A new review published in the May-June issue of the Journal of the American Board of Family Medicine emphasizes the importance of asthma and allergy control in affected pregnant women. This control is essential to normal fetal development.
The review finds that women who had severe or uncontrolled asthma were at higher risk for pregnancy complications and adverse fetal outcomes than women whose asthma was well-controlled.
Plus, current treatment guidelines have found that it is safer to treat asthma in a pregnant woman than for her to suffer asthma symptoms and asthma attacks. Also, since 80 percent of people who have asthma also have nasal allergies, the allergies should be included in the treatment plan as well.
In a study done at Kaiser-Permanente, researchers found that improvement or worsening of allergy and asthma symptoms mirrored each other. They suggested then that aggressive treatment of the nasal allergies would also help promote better control over asthma.
Asthma is the most common chronic illness affecting pregnancy, though not every pregnant asthmatic will experience the same course. Asthma often improves during the latter part of a pregnancy, but then returns to its normal severity following the birth.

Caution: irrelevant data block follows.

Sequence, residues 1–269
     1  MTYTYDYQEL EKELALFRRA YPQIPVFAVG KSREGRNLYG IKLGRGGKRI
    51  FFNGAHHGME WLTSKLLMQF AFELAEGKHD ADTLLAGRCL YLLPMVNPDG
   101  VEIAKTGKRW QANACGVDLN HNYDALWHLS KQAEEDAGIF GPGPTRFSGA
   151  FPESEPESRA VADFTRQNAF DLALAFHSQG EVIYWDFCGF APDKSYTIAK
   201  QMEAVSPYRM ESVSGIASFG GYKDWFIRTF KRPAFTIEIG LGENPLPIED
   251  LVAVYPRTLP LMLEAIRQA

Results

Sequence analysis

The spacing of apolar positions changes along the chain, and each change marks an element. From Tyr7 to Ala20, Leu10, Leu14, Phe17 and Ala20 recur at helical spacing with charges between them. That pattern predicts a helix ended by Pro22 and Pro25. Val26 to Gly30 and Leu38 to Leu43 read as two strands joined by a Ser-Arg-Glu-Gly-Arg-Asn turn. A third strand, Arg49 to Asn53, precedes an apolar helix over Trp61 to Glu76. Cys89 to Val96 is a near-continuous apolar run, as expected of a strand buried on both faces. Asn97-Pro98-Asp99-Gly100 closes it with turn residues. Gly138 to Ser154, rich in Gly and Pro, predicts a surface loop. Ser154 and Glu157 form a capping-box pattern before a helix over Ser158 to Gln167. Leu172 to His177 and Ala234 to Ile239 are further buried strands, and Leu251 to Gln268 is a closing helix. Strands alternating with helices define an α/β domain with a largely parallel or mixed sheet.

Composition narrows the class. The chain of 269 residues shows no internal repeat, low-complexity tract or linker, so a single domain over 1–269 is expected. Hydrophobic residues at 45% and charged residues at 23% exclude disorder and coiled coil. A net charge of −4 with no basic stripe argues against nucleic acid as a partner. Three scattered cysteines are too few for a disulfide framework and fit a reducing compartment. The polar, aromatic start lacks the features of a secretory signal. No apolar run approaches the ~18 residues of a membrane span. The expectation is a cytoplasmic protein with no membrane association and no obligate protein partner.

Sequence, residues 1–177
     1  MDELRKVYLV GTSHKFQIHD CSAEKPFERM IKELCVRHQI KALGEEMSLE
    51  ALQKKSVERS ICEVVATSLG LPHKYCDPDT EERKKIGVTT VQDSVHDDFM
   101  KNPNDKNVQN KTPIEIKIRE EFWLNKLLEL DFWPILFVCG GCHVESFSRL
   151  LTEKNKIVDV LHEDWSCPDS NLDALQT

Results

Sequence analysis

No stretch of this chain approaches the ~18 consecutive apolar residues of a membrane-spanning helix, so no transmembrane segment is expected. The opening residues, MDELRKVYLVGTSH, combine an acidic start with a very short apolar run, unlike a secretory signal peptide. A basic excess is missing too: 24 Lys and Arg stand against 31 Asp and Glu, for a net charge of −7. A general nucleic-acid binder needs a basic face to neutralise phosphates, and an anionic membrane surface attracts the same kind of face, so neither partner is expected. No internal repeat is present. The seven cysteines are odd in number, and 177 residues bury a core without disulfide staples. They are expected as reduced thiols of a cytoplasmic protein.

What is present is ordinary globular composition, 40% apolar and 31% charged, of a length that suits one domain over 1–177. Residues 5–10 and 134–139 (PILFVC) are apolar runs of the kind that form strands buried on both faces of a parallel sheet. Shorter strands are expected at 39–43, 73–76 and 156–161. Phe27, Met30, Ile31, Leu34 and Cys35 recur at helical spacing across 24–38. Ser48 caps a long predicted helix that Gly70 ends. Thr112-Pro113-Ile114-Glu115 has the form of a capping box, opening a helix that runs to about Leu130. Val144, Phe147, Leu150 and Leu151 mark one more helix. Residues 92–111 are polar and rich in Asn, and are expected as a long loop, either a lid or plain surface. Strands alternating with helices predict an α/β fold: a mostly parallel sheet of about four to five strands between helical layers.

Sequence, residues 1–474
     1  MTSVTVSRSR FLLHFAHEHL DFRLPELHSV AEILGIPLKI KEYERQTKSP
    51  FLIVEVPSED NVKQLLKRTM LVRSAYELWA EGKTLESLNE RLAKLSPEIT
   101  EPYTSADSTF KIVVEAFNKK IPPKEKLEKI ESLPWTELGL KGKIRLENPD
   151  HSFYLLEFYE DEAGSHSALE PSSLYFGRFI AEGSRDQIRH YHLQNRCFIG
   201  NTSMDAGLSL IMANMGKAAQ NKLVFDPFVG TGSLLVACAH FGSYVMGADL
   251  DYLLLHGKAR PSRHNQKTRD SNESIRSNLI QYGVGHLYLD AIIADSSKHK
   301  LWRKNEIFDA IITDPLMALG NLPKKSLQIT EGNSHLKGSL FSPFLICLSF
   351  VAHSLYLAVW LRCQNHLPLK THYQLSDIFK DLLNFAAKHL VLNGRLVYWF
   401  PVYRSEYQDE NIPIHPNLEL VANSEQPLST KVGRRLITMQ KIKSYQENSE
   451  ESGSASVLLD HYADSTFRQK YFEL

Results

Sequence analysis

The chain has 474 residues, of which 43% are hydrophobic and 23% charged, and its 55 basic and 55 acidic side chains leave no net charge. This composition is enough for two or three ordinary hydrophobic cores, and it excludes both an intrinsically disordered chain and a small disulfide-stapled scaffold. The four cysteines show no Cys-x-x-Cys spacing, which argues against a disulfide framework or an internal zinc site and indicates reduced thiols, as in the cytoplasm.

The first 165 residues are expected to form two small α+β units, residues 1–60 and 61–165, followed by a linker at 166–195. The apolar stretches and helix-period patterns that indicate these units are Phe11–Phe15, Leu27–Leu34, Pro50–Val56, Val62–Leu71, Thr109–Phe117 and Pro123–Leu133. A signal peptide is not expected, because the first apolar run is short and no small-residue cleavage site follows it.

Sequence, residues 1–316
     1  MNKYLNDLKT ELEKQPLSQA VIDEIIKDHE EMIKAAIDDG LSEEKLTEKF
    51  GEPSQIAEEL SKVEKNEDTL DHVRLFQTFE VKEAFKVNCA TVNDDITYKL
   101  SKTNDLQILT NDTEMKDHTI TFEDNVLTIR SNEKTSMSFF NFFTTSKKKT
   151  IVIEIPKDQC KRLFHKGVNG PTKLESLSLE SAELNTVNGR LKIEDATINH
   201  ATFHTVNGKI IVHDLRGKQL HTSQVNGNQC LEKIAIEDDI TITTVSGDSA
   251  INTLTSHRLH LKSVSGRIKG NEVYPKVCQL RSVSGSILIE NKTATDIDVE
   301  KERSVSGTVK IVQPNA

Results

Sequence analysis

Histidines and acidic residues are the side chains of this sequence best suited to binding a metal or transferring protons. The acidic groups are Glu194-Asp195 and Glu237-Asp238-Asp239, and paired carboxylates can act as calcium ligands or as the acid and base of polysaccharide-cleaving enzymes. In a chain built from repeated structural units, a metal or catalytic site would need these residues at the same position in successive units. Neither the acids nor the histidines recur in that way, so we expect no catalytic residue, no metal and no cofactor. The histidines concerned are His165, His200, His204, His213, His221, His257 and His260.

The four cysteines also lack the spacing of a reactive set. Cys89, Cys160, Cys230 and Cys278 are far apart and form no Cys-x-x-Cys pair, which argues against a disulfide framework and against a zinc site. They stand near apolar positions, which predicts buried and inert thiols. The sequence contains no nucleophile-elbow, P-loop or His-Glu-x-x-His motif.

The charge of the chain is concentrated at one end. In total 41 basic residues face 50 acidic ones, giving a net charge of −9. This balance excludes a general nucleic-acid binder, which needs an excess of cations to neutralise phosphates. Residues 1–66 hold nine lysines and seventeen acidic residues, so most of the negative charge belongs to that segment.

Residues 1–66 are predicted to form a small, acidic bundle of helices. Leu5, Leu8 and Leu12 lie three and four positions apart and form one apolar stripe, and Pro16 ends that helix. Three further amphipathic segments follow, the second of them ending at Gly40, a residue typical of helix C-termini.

It's important to understand that there are very few risks in taking allergy and asthma medication during pregnancy. On the other hand, there are some rather weighty possible complications that go along with severe or uncontrolled asthma:
- Vaginal hemorrhage
- Fetal death in utero
- Preterm delivery
- Restricted growth in the fetus
If you have asthma and become pregnant, continue taking your asthma and allergy medicine every day, unless your doctor advises otherwise. If symptoms worsen, get in touch with your doctor to talk about the need for a treatment change.
Some of the safest medicines are inhaled and intranasal steroids like budesonide. Albuterol—a rescue inhaler—has also proven safe during pregnancy.
Remember, the health of your baby is dependent on your commitment to keeping your asthma under control during your pregnancy.
Published On: May 14, 2007